National Geographic : 1945 Jul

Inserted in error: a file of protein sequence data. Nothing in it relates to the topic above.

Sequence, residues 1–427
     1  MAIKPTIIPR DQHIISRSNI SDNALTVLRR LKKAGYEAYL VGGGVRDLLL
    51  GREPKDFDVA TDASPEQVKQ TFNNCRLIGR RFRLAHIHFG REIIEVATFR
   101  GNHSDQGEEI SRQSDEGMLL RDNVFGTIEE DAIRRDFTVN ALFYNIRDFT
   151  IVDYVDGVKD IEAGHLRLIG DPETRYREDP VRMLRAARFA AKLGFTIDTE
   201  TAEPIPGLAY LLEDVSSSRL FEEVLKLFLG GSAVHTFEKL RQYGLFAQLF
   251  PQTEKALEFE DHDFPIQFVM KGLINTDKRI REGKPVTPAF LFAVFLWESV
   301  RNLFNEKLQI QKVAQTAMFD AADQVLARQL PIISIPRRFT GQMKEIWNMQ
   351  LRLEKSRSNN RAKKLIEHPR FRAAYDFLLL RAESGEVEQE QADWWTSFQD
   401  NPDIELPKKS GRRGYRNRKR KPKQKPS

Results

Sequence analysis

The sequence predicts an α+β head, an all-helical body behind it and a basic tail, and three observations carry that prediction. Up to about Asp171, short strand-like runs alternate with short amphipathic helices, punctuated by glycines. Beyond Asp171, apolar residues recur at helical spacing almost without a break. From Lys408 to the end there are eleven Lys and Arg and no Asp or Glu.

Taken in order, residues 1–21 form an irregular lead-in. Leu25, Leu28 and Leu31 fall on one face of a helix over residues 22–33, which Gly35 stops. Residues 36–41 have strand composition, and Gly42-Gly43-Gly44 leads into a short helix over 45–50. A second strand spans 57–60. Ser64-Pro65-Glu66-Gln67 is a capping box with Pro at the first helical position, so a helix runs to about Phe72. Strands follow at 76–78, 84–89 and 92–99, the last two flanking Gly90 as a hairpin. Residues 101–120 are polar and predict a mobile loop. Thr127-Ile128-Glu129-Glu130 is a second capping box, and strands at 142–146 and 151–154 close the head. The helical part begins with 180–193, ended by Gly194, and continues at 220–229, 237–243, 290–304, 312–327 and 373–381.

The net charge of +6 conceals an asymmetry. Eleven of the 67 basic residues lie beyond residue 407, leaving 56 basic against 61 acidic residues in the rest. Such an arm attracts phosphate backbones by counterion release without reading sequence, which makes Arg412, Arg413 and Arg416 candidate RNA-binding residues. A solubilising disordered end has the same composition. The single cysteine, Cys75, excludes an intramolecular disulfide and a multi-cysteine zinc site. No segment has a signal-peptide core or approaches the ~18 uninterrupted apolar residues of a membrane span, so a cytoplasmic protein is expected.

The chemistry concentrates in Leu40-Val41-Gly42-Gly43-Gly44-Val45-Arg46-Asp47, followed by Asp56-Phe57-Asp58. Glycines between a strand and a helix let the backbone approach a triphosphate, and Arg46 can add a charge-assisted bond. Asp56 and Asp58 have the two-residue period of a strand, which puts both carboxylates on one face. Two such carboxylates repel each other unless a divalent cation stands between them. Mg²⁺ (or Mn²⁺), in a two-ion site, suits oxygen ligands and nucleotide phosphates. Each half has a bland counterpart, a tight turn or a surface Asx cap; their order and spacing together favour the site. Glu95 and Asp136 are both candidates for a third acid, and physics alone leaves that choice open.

To Market in Guatemala BY Luis MARDEN GUATEMALA is predominantly Indian. Nowhere else in the Americas have the original Americans maintained so well their pre-Columbian culture, dress, and customs. Side by side with ladinos (mixed Spanish and Indian), peoples of Maya descent live harmoniously in the blue-misted high lands and humid rain forests.* The ancestors of today's Guatemalan In dian, the Mayas, were a people of great attain ments and strange lacks; they devised a calendar more nearly accurate than the one in daily use today, but had not discovered the principle of the wheel. Independently of the Arabs, they invented the zero symbol in mathematics, but were ignorant of the true arch. They left their descendants a mass of religious-astronomical rites, many of which are still practiced. When Pedro de Alvarado, red-bearded and impulsive, marched down from Mexico to conquer Guatemala for the Spanish crown, he found three principal tribes in the land: the Quiche, the Cakchiquel, and the Tzutuhil. Of these the Quiche, then as now, were the most powerful, and the country came under Spanish domination when Alvarado defeated Tecuim Uman, chief of the Quiche, in 1524. A Land of Volcanoes and Lakes A vast jungle area, the district of Peten, stretches to the north, and lowland strips lie along both coasts. But Guatemala is essen tially a mountainous land of quiescent vol canoes and lofty lakes (Plate II). Indian villages perch on the edge of ravines or nestle in the hollows of valleys (Plate XI). Old dress remains much the same. Span iards introduced the use of wool; before the conquest, Indians had worked only cotton. Adept at making pottery, wood carving, and other handicrafts, Guatemala's Indians excel also in the weaving of textiles. Each area, sometimes each village, has its own colors and costumes, and old-timers in the Republic can tell where an Indian comes from by the way he dresses. Women hand-weave most of the cotton and wool material for the wrap-around skirts, sashes, head coverings, and huipils (the loose blouses of the women), as well as coats, belts, and trousers of the men (Plates V, VIII, IX). In the interior, most dyes for the disappearing old costumes are animal, vegetable, and min eral: indigo for blue, cochineal for red, brazil wood for dark red, iron and copper sulphate for green and blue. Weavers seldom use a pattern; they work symbolic designs into the fabric from memory. Experts sometimes weave in signatures, as artists sign a picture. An unworked spot may be left in the design, to indicate man's im perfections and so avoid envy of the gods. Prominent in the textiles of many villages is the double-headed Hapsburg eagle of Charles V of Spain. Horsemen are represented as centaurlike beings with the man's torso sprouting directly from the horse's back. This practice stems from the early Indian belief that horse and rider were one strange animal. Because "hip" looms produce strips little wider than the body, wide articles such as blankets must be made of two strips sewed together. Some towns produce blankets and other articles in one piece on foot looms. Most villages of the highlands have a spe cialty: Momostenango for blankets, Totoni capan for skirt lengths, belts, and ceremonial bands, Chinautla for pottery, Solola for garlic and onions, Nebaj for apples. Men from these and other villages trudge for days to bring their local product to the market of another town or to the great mart in the capital. Usually the articles are packed in and on the cacaxte, a four-legged wooden frame covered with netting and carried on the back, with the aid of a tumpline around the forehead. When the bearer squats on his heels, the four feet of the cacaxte rest on the ground, taking the weight of the load. A staff helps the bearer to rise again. With a gourd of drinking water, a coffee pot, kindling, a leaf raincoat, and a sleeping mat, in addition to a load sometimes totaling a hundred pounds, these men walk tirelessly up and down the highlands, often traveling more than double the linear distance in an up-and-down direction. So overdeveloped have their calf muscles become, from constant climbing with heavy loads, that their short lower legs bulge like inverted brown tenpins. Some are bald from the rubbing of their carrying headgear. When Guatemalan Indians, men or women, come to a level place, they seldom walk. * The accompanying color plates depict the Indians of Guatemala just as the NATIONAL GEOGRAPHIC MAGAZINE has described and portrayed the Indians of the United States in the articles by Matthew W. Stirling and their accompanying paintings by W. Langdon Kihn: November, 1937, November, 1940, July, 1944. Mr. Marden, of the NATIONAL GEO GRAPHIC MAGAZINE staff, now is making a compre hensive survey of Guatemala for an article on the country as a whole which will describe and picture the progress and modern aspects of the Republic.